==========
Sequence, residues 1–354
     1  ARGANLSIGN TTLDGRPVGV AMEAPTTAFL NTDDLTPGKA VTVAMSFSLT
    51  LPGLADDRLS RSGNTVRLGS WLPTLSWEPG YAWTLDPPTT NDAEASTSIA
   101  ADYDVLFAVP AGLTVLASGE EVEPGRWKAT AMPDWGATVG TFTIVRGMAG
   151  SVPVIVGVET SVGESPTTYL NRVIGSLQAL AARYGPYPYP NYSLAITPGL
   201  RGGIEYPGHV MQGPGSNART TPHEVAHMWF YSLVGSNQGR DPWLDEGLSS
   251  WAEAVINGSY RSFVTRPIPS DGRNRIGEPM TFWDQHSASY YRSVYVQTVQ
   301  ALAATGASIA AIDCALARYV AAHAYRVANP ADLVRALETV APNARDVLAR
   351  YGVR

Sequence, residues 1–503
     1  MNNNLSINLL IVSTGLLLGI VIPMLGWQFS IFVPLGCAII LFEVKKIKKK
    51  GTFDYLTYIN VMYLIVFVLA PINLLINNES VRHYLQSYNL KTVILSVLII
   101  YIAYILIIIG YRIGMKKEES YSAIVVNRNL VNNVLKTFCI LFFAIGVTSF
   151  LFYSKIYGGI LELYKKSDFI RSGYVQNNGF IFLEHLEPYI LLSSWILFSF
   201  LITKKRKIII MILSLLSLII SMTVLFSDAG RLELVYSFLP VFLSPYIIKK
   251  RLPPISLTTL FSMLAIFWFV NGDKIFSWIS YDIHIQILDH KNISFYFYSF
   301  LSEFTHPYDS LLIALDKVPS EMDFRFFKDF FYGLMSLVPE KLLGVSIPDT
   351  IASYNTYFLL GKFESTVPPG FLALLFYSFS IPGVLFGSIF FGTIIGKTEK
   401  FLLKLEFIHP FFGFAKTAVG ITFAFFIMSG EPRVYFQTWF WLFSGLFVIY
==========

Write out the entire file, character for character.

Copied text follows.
Sequence, residues 1–354
     1  ARGANLSIGN TTLDGRPVGV AMEAPTTAFL NTDDLTPGKA VTVAMSFSLT
    51  LPGLADDRLS RSGNTVRLGS WLPTLSWEPG YAWTLDPPTT NDAEASTSIA
   101  ADYDVLFAVP AGLTVLASGE EVEPGRWKAT AMPDWGATVG TFTIVRGMAG
   151  SVPVIVGVET SVGESPTTYL NRVIGSLQAL AARYGPYPYP NYSLAITPGL
   201  RGGIEYPGHV MQGPGSNART TPHEVAHMWF YSLVGSNQGR DPWLDEGLSS
   251  WAEAVINGSY RSFVTRPIPS DGRNRIGEPM TFWDQHSASY YRSVYVQTVQ
   301  ALAATGASIA AIDCALARYV AAHAYRVANP ADLVRALETV APNARDVLAR
   351  YGVR

Sequence, residues 1–503
     1  MNNNLSINLL IVSTGLLLGI VIPMLGWQFS IFVPLGCAII LFEVKKIKKK
    51  GTFDYLTYIN VMYLIVFVLA PINLLINNES VRHYLQSYNL KTVILSVLII
   101  YIAYILIIIG YRIGMKKEES YSAIVVNRNL VNNVLKTFCI LFFAIGVTSF
   151  LFYSKIYGGI LELYKKSDFI RSGYVQNNGF IFLEHLEPYI LLSSWILFSF
   201  LITKKRKIII MILSLLSLII SMTVLFSDAG RLELVYSFLP VFLSPYIIKK
   251  RLPPISLTTL FSMLAIFWFV NGDKIFSWIS YDIHIQILDH KNISFYFYSF
   301  LSEFTHPYDS LLIALDKVPS EMDFRFFKDF FYGLMSLVPE KLLGVSIPDT
   351  IASYNTYFLL GKFESTVPPG FLALLFYSFS IPGVLFGSIF FGTIIGKTEK
   401  FLLKLEFIHP FFGFAKTAVG ITFAFFIMSG EPRVYFQTWF WLFSGLFVIY